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Pride Events Honor Memory Of Gilbert Baker And His Rainbow Flag


June is LGBT Pride Month. That means you may see an unusual number of rainbow flags at this time of year. The symbol of gay pride was invented by Gilbert Baker. He died in March at the age of 65. He's being remembered at Pride events from San Francisco to New York this month. From New York, KristinSchwab looks at how the colorful stripes contributed to a social and political movement.

KRISTIN SCHWAB, BYLINE: The Museum of Modern Art in Manhattan is bursting with famous work - Pablo Picasso, Frida Kahlo, Andy Warhol. Among those is a name you might not recognize - Gilbert Baker. His piece is a cheery addition to the museum's cavernous, gray lobby.

So was the original this size?

MICHELLE FISHER: No. The original was much larger. This is the everyman's version.

SCHWAB: Michelle Fisher helped the museum acquire one of Baker's ubiquitous rainbow flags. This version is 3-by-5 feet. The original, by some estimates, was 30-by-50 feet. But it didn't hold up. Baker's first flag was made of cotton and was hand-dyed.

FISHER: He talks about taking it to a local laundromat and turning each one of the washing machines a different color as they were fixing the dye in there. And they had sort of run out very quickly after that.

SCHWAB: Most people are familiar with the rainbow flag, but few know how it evolved from yards of fabric to champion symbol. The flag was commissioned by gay rights leader Harvey Milk for the San Francisco Gay Freedom Day parade in 1978. Baker was paid $1,000, just enough for materials and supplies. At the time, the gay community had one identifier.


GILBERT BAKER: Up until the rainbow flag, the pink triangle was the dominant symbol for our movement.

SCHWAB: That's Baker speaking at the American Civil Liberties Union in 2009.


BAKER: But it was negative. It had a depressing origin. You know, Holocaust and murder was put on us by Hitler. We needed something from us.

SCHWAB: The version you see today is not quite like the original. It has six stripes instead of eight. Pink and turquoise were taken out because the dyes were too expensive for mass production. Baker chose the rainbow because he wanted a symbol that came from nature.


BAKER: A true flag isn't designed. It's torn from the soul of the people. It's a direct action that people are taking all around the world today with the rainbow flag.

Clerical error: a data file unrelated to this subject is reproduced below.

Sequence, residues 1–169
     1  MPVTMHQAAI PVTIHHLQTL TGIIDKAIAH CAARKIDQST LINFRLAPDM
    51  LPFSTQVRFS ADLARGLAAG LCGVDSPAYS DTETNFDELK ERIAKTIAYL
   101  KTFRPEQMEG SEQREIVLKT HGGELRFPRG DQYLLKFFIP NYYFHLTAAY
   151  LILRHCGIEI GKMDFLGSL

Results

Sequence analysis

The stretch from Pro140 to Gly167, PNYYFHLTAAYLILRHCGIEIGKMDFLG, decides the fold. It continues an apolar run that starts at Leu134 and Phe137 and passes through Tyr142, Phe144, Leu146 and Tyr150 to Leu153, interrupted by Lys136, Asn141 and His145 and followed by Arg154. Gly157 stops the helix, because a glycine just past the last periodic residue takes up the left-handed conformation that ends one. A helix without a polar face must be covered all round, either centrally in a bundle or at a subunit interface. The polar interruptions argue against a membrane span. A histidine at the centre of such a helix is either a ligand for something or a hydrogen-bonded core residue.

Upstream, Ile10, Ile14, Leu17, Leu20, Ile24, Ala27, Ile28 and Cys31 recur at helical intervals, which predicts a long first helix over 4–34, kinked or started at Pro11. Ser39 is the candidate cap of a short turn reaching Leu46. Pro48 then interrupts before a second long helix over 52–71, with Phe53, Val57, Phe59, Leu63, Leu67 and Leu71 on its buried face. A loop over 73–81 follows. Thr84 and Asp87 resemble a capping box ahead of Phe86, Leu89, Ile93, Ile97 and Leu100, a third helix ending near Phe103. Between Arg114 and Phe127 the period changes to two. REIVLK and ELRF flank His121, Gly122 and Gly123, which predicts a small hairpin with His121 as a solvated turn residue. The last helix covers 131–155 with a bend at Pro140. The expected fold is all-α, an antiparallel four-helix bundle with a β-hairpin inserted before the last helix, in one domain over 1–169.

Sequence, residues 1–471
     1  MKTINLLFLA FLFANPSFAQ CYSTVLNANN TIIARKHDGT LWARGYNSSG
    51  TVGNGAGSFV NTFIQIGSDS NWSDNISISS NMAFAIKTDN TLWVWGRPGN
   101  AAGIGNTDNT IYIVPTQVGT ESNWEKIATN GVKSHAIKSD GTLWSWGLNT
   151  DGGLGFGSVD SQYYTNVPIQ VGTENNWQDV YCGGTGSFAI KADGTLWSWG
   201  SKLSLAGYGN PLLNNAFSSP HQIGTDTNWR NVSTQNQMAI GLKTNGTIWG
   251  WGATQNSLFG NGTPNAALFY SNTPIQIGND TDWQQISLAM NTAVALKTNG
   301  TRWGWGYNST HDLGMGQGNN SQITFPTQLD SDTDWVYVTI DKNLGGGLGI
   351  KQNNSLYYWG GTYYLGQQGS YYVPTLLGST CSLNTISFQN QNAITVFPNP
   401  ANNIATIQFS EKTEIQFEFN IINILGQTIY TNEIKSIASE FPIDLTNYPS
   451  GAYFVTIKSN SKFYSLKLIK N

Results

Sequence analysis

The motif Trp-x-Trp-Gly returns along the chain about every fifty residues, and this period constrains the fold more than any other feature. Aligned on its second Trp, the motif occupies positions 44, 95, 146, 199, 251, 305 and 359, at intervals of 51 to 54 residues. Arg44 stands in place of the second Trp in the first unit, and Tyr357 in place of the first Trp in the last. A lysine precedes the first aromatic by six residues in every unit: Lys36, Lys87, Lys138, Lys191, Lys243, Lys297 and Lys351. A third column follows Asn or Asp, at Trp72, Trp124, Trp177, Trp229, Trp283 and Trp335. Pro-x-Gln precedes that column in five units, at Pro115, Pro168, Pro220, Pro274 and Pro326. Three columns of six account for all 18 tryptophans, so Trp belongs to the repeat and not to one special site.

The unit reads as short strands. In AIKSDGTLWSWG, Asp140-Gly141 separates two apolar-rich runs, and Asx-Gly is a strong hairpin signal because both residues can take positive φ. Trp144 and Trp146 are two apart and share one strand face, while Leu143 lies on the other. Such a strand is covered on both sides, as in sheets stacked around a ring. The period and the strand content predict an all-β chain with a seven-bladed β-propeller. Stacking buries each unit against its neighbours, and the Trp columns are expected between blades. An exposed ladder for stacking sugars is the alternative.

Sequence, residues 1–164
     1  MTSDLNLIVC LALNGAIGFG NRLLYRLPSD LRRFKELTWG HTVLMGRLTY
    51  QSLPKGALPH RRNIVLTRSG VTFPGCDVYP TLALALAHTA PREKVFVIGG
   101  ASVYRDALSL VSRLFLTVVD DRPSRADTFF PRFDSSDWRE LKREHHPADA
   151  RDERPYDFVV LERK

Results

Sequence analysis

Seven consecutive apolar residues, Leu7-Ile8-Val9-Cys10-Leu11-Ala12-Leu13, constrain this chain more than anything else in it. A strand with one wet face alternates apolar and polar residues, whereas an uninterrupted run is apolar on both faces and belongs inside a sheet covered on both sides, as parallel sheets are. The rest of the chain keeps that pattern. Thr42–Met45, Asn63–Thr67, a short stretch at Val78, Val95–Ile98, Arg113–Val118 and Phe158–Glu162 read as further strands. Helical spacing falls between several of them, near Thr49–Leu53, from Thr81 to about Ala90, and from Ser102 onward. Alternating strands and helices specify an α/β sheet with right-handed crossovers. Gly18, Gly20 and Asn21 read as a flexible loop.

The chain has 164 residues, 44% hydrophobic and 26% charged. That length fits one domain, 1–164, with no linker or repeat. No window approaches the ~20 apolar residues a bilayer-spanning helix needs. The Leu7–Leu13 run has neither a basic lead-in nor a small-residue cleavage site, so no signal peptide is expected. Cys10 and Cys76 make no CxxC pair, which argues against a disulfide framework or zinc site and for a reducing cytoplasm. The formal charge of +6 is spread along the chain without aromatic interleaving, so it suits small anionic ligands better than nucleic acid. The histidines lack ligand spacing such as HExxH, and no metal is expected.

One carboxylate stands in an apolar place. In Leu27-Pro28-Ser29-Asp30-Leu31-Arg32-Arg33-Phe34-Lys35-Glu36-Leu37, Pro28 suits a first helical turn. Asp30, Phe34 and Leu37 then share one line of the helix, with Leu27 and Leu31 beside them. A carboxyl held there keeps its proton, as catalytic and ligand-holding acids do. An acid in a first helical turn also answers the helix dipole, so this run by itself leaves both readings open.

SCHWAB: Cleve Jones helped dye the original flag. He's an LGBTQ activist and was a friend of Baker. He says it was a messy project. It took weeks to wash the colors from his skin. But he says it was worth it because back then, the gay community needed a positive symbol to help recognize its existence.

CLEVE JONES: It was a very different time then. The people we now call LGBTQ were really beginning to understand how many of us there were. And that was quite still a revelation for us.

SCHWAB: Jones helped unveil the flag in front of the U.N. building in San Francisco on June 25, 1978. He says it was a clear, blue day with just enough wind to let the fabric fly.

JONES: And you could just see that everybody at that moment was understanding immediately without any explanation that this was now our flag and our symbol.

SCHWAB: Baker's flag caught on quickly. Part of that was his ability to grasp this turning point in history right before the AIDS crisis when the gay community was coming into its own. But another reason, says the Museum of Modern Art's Michelle Fisher, is that the flag feels universal. It transcends not just sexuality but gender, race, religion. And that was multiplied by Baker's desire to share the flag with everyone, even if it meant not making a profit.

FISHER: I think really importantly, at the crux of it, it was never trademarked. He certainly could have I think monetized it later on and chose not to.

SCHWAB: The rainbow flag has become an universal symbol for peace and acceptance. The flag is a Facebook profile photo staple, is hung out of apartment windows and at gay bars and is waved at protests and celebrations around the world. For NPR News, I'm Kristin Schwab in New York.

(SOUNDBITE OF THE CAVE SINGERS SONG, "BEACH HOUSE") Transcript provided by NPR, Copyright NPR.

NPR transcripts are created on a rush deadline by an NPR contractor. This text may not be in its final form and may be updated or revised in the future. Accuracy and availability may vary. The authoritative record of NPR’s programming is the audio record.

Corrected: June 27, 2017 at 11:00 PM CDT
In a previous version of this story, Kristin Schwab's byline was misspelled as Kristen.
Kristin Schwab